Categories: Interviews

Ashley MacIsaac fiddles around

Ashley MacIsaac wants you to like the fiddle as much as he does. It may be a tall order, but he’s going to give it a try.

The 21-year-old native of Cape Breton, Nova Scotia, bucks pop traditions on his A&M debut album, “Hiª How Are You Today?” (released June 4). Playing Celtic fiddle tunes in a modern music setting, he effortlessly straddles hip-hop, industrial and folk music from one track to the next.

The musical chameleon is out to shake things up.

“There’s this stereotype about the fiddle,” MacIsaac said recently, “and I think it comes from ‘The Beverly Hillbillies.’ Every time that type of music starts, everybody goes ‘Hee haw!’

“My job is to get people connected for more than three minutes and actually stay for a whole 75-minute or 90-minute show. I come from a root of playing traditional music, and over the last three years I’ve become somewhat of a media sponge and will basically put anything else that comes into it, as long as I can retain at least some sense of the root.”

It hasn’t gone unnoticed in Canada, where he won two Juno Awards this year, including one for best new solo artist. He also had a sizable hit with the Gaelic-sung “Sleepy Maggie.”

But will it fly in the land of Bone Thugs-N-Harmony, Garth and Hootie?

Why not?

“When I was young, hip music to me was fiddle music, because I never listened to anything else,” MacIsaac said. “I was never one to go out and buy CDs and tapes. I didn’t have a tape player or anything like that. The main form of entertainment in our household was fiddle music.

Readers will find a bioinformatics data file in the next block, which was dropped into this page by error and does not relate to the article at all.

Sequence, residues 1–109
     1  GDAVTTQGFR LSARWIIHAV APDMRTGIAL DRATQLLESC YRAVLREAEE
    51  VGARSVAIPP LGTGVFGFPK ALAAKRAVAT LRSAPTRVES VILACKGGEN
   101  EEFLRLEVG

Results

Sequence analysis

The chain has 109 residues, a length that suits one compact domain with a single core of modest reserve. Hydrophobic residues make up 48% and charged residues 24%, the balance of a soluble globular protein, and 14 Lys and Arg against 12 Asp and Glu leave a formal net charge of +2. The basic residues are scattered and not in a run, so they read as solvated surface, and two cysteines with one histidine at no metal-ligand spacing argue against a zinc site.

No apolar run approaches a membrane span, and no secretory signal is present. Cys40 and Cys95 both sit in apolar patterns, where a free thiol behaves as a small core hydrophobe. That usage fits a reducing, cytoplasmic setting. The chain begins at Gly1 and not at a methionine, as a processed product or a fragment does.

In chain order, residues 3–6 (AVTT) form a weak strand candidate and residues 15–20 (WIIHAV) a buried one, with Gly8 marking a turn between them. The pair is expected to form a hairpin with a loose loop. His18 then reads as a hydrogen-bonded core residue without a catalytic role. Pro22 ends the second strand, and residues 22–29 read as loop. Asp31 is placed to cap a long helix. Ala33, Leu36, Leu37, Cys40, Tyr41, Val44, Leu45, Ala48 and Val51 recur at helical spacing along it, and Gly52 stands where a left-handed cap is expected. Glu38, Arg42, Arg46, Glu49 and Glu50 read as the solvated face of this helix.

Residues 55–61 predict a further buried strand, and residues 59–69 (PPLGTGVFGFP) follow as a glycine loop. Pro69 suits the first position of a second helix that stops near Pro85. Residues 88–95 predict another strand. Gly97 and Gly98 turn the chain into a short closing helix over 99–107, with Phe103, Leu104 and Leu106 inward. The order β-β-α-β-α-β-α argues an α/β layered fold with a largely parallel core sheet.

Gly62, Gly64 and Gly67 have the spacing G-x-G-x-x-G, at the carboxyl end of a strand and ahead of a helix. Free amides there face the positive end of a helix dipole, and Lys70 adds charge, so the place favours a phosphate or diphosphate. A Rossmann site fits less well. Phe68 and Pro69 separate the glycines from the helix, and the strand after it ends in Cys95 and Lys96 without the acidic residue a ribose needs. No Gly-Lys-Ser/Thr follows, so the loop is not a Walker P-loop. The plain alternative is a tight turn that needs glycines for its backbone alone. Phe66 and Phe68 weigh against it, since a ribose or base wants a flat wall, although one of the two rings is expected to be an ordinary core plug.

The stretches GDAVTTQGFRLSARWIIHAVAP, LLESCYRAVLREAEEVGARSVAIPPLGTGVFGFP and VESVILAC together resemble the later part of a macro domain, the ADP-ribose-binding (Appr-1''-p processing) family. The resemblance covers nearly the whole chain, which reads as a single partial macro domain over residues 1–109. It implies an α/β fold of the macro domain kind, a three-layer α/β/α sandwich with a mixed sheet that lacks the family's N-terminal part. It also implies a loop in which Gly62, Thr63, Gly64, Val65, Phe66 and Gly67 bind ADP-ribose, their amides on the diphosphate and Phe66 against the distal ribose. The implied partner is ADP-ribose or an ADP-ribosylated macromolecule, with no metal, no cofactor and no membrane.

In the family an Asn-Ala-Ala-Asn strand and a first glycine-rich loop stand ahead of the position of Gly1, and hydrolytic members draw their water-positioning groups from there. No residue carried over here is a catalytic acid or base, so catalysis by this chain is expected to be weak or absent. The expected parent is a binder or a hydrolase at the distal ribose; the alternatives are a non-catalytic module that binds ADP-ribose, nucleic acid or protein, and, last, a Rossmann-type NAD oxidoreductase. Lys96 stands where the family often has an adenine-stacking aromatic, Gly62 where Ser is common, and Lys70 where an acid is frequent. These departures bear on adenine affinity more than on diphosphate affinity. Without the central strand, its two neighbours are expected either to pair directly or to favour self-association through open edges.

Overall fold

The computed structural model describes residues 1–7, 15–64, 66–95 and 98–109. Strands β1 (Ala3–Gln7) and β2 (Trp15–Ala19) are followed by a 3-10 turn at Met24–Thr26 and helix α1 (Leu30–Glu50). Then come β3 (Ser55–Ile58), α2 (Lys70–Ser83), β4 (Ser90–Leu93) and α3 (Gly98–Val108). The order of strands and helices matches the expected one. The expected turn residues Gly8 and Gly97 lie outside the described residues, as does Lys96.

“But looking at everything from like watching your mojo working to the development of American rock music to techno and disco and what has become pop music in the United States, it’s all about having one true sense. I don’t think there’s any music that doesn’t do real well that doesn’t have feel or have rhythm and soul in it. If it has a beat, I can play over it.”

MacIsaac, who will open for The Chieftains’ U.S. tour this summer, says his varied audiences explain his music’s appeal.

“If you go to one of my concerts,” he said, “there’s everybody there from age 90 to age 14 or 12. You see 9-year-olds sitting there and really enjoying the stuff I play for them and also really enjoying the fact they’re seeing all these kids getting up and dancing to it. And when I slow down and play something solo, most of them get my point, sit back and listen to it. It’s a great feeling to have that affect on people.”

The quirky album title comes from MacIsaac’s nearly two-year stay in Toronto, where he recorded the LP with several producers.

“As wonderful as Toronto is and has a wonderful sense of culturalism,” he said, “it’s completely separate. There’s no connection between the different spots in the city, and it’s really spread out. It’s like Harlem maybe about 70 years ago when crime was just starting. People are scared and won’t really talk to you if you’re walking down the street. It’s not like that anywhere else in Canada.

“I got into the habit of screaming, ‘Hi, how are you today?!’ and I would emphasize the ‘Hi!’ and then people would usually turn around and answer you back. Then I’d ask them where they were from and likely I had been there so I had a connection there already.

“The same way with the record; it’s an abrupt introduction to my sort of calmer sense of playing fiddle music.”

Gerry Galipault @https://twitter.com/Pauseandplay

Gerry Galipault debuted Pause & Play online in October 1997. Since then, it has become the definitive place for CD-release dates — with a worldwide audience.

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